February 28

    Michel de Montaigne

    Michel de Montaigne

    On this date in 1533, essayist Michel Eyquem de Montaigne was born near Bordeaux, France. His mother’s Spanish-Portuguese family had converted from Judaism to Protestantism and immigrated to France during the Spanish Inquisition. His Catholic father, a well-to-do merchant, came from a titled family. Tutored by his father, Montaigne spoke Latin fluently by age 6. He completed his studies at the College de Guyenne at 13, then studied law, replacing his father as councilor of the Bordeaux court in 1555.

    After serving for 15 years, he resigned to commence writing essays, a term he coined himself from the French word “essai” (attempt), and which he defined as “the dialogue of the mind with itself.” At his father’s request, he translated Spanish theologian Raimond Sebond’s 1,000-page book on natural theology, which averred religious claims could be proved by scientific logic. When the first two volumes of his Essays were published in 1580, Montaigne’s longest essay was “Apology for Raimond Sebond,” which countered Sebond’s claim, arguing religion could only be believed by faith.

    Montaigne’s observations on religion in Essays include: “How many things served us yesterday for articles of faith, which today are fables to us?” “Philosophy is doubt.” “To know much is often the cause of doubting more.” “Nothing is so firmly believed as what we least know.” During the bloody religious wars between French Catholics and Protestant Huguenots, Montaigne played the role of intermediary between King Henry III and the Huguenot Henry of Navarre.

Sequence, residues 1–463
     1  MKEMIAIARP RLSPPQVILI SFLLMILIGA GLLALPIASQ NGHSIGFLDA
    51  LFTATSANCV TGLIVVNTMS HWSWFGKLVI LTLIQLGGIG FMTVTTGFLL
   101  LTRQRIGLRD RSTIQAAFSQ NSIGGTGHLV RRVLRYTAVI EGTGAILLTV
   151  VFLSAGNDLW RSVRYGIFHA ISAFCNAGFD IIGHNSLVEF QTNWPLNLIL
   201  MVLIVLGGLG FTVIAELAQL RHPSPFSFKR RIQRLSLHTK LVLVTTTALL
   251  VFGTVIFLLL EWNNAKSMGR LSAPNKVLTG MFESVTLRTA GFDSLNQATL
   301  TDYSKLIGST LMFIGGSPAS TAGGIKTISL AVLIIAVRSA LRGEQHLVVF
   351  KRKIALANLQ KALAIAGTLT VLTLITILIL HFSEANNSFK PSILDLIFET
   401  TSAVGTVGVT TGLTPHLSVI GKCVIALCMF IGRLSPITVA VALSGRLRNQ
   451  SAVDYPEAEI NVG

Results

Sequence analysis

Montaigne was jailed briefly, first by the Protestants, then by the Catholics. He campaigned in 1598 for the issuance of the Edict of Nantes by King Henry IV to restore religious toleration. Montaigne was mayor of Bordeaux for four years and completed his third volume of Essays in 1588. Essays were put on the Catholic Church’s notorious index of condemned writings in 1676.

    Freethought historian J.M. Robertson (A Short History of Freethought,1957) considered Montaigne a humanistic deist who significantly rejected “the great superstition of the age, the belief in witchcraft.” Montaigne’s motto was Que sais-je? (What do I know?) D. 1592.

    “Man is certainly stark mad. He cannot make a flea, and yet he will be making gods by the dozen.”

    —Michel de Montaigne, "Essays" (1580)

    Linus Pauling

    Linus Pauling